a processing function for controlling so as to move a region extracted from the image in accordance with the moving-object motion vector.

According to an embodiment of the present invention, a calculation point of a local motion vector is continuously used or rearranged in accordance with the movement of a moving target. That is, even during a tracking operation, local motion vectors are determined only for the same number of calculation points as that used when the moving target is detected. Therefore, the tracking process of the moving target can be performed with a small amount of computation.

Further, the local motion vectors are continuously calculated only for the calculation points positioned in the moving-object region. Thus, even if another moving object approaches close to the moving target being tracked, the calculation of the local motion vectors can be continuously performed without being affected by the moving object. Therefore, a stable moving-object tracking process can be achieved.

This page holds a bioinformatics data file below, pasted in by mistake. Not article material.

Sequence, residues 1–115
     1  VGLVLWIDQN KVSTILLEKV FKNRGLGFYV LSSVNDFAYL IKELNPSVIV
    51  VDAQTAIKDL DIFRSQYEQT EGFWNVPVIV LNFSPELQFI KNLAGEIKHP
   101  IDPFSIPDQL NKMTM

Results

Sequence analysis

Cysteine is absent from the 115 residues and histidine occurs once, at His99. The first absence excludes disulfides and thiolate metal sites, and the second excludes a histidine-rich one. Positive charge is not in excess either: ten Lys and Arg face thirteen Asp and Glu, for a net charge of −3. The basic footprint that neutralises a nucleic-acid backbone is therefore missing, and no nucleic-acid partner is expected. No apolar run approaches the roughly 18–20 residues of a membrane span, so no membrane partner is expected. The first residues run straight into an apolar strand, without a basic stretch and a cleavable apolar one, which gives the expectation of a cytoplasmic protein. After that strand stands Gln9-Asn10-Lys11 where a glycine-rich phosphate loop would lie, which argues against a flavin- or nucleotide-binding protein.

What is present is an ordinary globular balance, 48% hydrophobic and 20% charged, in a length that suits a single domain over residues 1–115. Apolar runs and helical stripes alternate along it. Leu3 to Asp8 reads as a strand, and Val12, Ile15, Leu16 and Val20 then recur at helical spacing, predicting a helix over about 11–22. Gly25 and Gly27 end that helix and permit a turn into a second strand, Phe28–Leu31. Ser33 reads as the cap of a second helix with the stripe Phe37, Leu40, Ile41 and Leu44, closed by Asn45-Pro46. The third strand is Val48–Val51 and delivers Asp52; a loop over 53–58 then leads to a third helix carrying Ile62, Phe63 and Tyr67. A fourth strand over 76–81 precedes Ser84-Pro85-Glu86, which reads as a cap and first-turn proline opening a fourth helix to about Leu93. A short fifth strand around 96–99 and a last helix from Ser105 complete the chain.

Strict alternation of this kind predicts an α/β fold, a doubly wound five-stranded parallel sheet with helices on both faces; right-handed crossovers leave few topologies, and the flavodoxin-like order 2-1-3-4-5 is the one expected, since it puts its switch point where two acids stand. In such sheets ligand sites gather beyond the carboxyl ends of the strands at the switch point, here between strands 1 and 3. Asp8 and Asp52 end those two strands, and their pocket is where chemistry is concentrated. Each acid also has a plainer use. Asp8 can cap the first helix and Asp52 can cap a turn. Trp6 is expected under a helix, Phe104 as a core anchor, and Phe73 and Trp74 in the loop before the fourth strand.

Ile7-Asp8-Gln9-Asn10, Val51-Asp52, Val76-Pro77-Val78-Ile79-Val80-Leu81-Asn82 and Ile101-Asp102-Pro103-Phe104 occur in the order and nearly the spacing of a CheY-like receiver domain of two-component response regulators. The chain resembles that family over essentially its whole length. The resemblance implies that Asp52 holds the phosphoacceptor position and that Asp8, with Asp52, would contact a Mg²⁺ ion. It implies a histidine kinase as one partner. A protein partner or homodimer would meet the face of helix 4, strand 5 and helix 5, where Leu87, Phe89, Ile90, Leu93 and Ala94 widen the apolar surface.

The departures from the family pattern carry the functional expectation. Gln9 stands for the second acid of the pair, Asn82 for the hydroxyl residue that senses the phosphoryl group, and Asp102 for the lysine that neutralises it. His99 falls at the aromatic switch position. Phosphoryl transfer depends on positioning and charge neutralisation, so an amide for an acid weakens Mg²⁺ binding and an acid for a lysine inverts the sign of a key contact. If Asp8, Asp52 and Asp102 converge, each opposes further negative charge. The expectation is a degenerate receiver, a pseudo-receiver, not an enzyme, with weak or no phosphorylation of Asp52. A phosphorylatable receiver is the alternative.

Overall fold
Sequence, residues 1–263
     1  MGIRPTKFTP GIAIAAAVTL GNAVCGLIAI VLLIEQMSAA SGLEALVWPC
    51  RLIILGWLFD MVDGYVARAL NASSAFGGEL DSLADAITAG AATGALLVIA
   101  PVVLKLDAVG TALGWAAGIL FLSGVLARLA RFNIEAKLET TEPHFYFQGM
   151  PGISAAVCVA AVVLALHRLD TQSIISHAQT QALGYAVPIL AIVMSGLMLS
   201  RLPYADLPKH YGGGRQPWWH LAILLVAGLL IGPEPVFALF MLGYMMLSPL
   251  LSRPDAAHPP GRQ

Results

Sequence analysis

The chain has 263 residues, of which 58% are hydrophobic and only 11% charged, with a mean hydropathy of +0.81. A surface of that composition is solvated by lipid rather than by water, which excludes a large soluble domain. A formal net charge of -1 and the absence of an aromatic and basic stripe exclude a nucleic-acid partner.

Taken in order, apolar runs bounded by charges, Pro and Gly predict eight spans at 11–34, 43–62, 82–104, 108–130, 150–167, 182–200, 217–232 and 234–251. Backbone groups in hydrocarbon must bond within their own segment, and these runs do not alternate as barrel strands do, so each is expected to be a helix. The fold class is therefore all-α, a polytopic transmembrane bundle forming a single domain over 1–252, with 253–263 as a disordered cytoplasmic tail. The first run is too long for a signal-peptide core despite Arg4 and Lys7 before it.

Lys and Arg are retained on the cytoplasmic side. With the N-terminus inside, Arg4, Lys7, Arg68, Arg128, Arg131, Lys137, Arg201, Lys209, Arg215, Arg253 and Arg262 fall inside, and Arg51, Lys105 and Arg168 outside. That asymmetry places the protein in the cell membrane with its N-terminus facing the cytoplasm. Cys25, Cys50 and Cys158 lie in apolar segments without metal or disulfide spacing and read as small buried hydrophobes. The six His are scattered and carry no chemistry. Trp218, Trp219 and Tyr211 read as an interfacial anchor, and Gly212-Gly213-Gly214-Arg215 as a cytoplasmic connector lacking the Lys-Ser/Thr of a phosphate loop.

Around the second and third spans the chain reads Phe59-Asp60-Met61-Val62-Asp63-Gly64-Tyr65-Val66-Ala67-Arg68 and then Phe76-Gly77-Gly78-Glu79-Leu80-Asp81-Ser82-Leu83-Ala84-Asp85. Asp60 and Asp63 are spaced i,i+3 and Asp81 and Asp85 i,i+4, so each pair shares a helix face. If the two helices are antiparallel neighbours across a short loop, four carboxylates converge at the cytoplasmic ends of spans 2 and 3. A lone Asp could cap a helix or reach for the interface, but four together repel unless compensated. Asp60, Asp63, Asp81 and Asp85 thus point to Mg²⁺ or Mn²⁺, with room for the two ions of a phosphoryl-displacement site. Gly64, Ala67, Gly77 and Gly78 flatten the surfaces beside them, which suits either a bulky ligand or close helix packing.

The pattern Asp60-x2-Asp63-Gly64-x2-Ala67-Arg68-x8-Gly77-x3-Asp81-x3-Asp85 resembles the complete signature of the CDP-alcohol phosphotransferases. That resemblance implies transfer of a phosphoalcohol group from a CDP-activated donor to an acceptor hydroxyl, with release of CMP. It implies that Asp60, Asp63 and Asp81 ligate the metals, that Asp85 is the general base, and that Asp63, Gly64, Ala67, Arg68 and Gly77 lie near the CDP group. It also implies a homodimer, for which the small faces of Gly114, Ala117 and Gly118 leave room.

BRIEF DESCRIPTION OF THE DRAWINGS

FIG. 1 is a diagram showing an example of motion vectors determined by a method of the related art;

FIG. 2 is a diagram showing an example of an image in a case where motion vectors are determined by the method of the related art in an unstable manner;

FIG. 3 is a diagram showing an example structure of a moving-object tracking system according to a first embodiment of the present invention;

FIG. 4 is a diagram showing an example functional structure of a moving-object tracking control apparatus according to the first embodiment;

FIG. 5 is a diagram showing an example of the arrangement of calculation points;

FIG. 6 is a diagram showing an example of local motion vectors determined for the individual calculation points;

FIGS. 7A and 7B are diagrams showing the rearrangement of a calculation point;

FIG. 8 is a diagram showing images tracked in the imaging direction in accordance with the movement of a moving object;

FIG. 9 is a diagram showing an example of a control procedure of a moving-object tracking program according to the first embodiment;

FIGS. 10A and 10B are diagrams showing examples of the display screen;